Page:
AVVO Ethics Bar Stands: New Jersey Supreme Court

Supreme Court Won’t Take Up Avvo Ethics Case

An opinion by New Jersey legal ethics authorities that deemed Avvo off-limits to lawyers in the state will not be reviewed by the state Supreme Court.

In an order dated June 1 and obtained by the Law Journal on Monday, the court denied a petition for certification by Consumers for a Responsive Legal System, an organization that represents Avvo and other online companies providing lawyer referrals.

The organization, called Responsive Law for short, had asked the court to review the June 2017 opinion, jointly issued by the Advisory Committee on Professional Ethics, the Committee on Attorney Advertising and the Committee on the Unauthorized Practice of Law, which found that Avvo facilitates improper fee-splitting and may not be utilized by New Jersey lawyers.

Opposing the petition were the Attorney General’s Office, representing the committees, and the New Jersey State Bar Association.

Responsive Law executive director Tom Gordon said in a statement Monday that the court, “by summarily declining to review the decision … has abrogated its responsibility to engage in active supervision of the bar’s anti-competitive conduct.”

“According to the U.S. Supreme Court’s [North Carolina State Board of Dental Examiners v. Federal Trade Commision (2015)] decision, active supervision by a disinterested government agency is a prerequisite for antitrust immunity when policy decisions are made by market participants,” Gordon said. “The real losers here, though, are the people of New Jersey, who are being prevented from finding affordable lawyers online using the same tools they use to find doctors, babysitters, and mechanics.”

Now-former State Bar president Robert Hille, of McElroy, Deutsch, Mulvaney & Carpenter in Morristown, filed a brief on behalf of the bar urging the court to pass on the case. The NJSBA issued a statement Monday from current president John E. Keefe Jr. of the Keefe Law Firm in Red Bank.

“The court’s decision to let stand the joint opinion is an important one that provides clarity for New Jersey lawyers and protects consumers,” Keefe said.

“The association has increasingly grown concerned about the number of organizations that have sought to open the door to fee sharing, which could interfere with a lawyer’s independent professional judgement, and with the concept of organizations providing legal services when they are not bound by the same ethics rules that guide attorneys,” he said, adding that the court’s denial of certification “has ensured that a client’s interests are paramount and that they are represented fairly and impartially by lawyers adhering to our long-established rules governing professional conduct and ethics.”

Representing the state was Deputy Attorney General Steven N. Flanzman. An email to an Attorney General’s Office’s spokesman didn’t get an immediate response Monday.

The June 21, 2017, opinion was issued in response to an NJSBA inquiry asking whether lawyers may “participate in certain online, non-lawyer, corporately owned services.” The inquiry named Avvo, LegalZoom and Rocket Lawyer specifically.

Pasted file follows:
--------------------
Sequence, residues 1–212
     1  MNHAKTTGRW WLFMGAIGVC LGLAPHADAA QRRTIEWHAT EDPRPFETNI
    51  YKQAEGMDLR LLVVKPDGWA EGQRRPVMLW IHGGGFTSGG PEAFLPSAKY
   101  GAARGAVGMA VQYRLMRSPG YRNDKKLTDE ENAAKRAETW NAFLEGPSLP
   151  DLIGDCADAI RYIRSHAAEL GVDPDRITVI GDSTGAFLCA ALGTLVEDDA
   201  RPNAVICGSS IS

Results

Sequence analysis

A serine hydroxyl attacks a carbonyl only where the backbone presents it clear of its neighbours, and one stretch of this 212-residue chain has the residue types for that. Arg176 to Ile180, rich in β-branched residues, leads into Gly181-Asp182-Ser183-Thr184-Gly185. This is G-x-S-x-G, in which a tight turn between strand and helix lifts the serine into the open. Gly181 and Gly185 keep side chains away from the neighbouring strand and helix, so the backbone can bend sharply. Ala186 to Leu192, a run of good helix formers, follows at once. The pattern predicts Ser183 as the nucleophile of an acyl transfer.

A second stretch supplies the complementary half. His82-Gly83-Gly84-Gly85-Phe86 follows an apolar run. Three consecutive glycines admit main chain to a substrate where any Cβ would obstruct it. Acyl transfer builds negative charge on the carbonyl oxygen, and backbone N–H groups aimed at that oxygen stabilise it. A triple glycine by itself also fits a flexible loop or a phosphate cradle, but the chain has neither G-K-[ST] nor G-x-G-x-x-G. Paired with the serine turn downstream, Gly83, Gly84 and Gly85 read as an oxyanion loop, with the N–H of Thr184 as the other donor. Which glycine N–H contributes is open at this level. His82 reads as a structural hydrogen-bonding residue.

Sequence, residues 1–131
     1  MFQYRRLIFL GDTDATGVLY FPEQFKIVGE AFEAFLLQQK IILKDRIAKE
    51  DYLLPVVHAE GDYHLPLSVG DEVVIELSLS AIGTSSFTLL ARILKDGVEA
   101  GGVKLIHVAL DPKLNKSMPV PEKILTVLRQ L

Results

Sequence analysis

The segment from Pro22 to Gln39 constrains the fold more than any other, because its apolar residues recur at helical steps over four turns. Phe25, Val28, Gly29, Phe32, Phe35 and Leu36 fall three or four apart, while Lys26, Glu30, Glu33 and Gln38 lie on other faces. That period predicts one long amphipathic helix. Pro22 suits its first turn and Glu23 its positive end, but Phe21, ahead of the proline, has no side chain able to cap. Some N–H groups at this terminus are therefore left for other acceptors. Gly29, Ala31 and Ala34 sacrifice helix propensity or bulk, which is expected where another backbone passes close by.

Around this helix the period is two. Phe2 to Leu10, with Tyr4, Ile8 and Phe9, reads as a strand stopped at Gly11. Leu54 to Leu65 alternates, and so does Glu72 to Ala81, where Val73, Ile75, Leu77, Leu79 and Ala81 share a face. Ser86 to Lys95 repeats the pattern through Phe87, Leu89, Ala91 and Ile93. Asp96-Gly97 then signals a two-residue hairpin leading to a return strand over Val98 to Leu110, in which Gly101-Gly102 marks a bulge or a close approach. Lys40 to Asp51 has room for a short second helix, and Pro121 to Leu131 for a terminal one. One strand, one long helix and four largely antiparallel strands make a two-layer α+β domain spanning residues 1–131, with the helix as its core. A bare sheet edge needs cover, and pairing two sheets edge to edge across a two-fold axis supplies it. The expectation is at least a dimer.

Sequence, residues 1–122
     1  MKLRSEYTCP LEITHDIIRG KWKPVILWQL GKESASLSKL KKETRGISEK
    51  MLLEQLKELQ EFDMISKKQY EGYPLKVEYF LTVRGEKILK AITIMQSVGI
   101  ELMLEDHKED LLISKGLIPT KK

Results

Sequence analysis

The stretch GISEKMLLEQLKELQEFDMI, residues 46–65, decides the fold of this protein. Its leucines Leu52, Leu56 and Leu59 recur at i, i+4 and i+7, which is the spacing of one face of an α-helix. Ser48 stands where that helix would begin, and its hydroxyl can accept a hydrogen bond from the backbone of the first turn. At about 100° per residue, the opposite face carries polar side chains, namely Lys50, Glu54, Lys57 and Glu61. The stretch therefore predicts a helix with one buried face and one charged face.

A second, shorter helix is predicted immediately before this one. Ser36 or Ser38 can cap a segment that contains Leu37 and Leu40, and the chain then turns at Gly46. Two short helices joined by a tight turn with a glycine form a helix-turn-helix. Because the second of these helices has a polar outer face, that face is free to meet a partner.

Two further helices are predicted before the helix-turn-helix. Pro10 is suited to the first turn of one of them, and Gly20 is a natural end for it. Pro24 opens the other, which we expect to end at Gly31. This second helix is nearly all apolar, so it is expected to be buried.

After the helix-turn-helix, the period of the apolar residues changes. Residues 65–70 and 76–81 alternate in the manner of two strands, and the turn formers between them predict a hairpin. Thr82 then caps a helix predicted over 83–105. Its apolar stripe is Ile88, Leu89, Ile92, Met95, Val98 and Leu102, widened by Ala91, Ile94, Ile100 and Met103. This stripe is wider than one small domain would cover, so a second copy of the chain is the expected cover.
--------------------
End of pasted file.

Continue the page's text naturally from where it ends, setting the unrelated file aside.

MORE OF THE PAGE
The shortcomings of LegalZoom and Rocket Lawyer could be fixed simply by registering with the state, the committees held. But they found ethical trouble with the very structure of Avvo’s “pay-for-service” programs. The opinion decreed that “New Jersey lawyers may not participate in the Avvo legal service programs because the programs improperly require the lawyer to share a legal fee with a nonlawyer in violation of Rule of Professional Conduct 5.4(a), and pay an impermissible referral fee in violation of Rule of Professional Conduct 7.2(c) and 7.3(d).”

According to the opinion, Avvo offers “Avvo Advisor”—through which customers buy 15-minute phone conversations with a lawyer for a $40 flat rate, of which Avvo keeps a $10 marketing fee—and “Avvo Legal Services,” which allows customers to pay flat fees to Avvo for legal services provided by affiliated lawyers, after which Avvo pays the lawyer but keeps a marketing fee.

“The participating lawyer receives the set price for the legal service provided, then pays a portion of that amount to Avvo,” the committees said. “The label Avvo assigns to this payment (“marketing fee”) does not determine the purpose of the fee. … Here, lawyers pay a portion of the legal fee earned to a nonlawyer; this is impermissible fee sharing.”

The opinion also held that marketing fees lawyers pay to Avvo are not for advertising but amount to an “impermissible referral fee” by the definition contained in RPCs 7.2(c) and 7.3(d), and Avvo’s practice of holding the lawyer’s fee until the service is provided violates an attorney’s requirement to maintain a registered trust account per Rule 1:28(a)-2.

Leave a Reply

Fill in your details below or click an icon to log in:

WordPress.com Logo

You are commenting using your WordPress.com account. Log Out /  Change )

Google+ photo

You are commenting using your Google+ account. Log Out /  Change )

Twitter picture

You are commenting using your Twitter account. Log Out /  Change )

Facebook photo

You are commenting using your Facebook account. Log Out /  Change )

w

Connecting to %s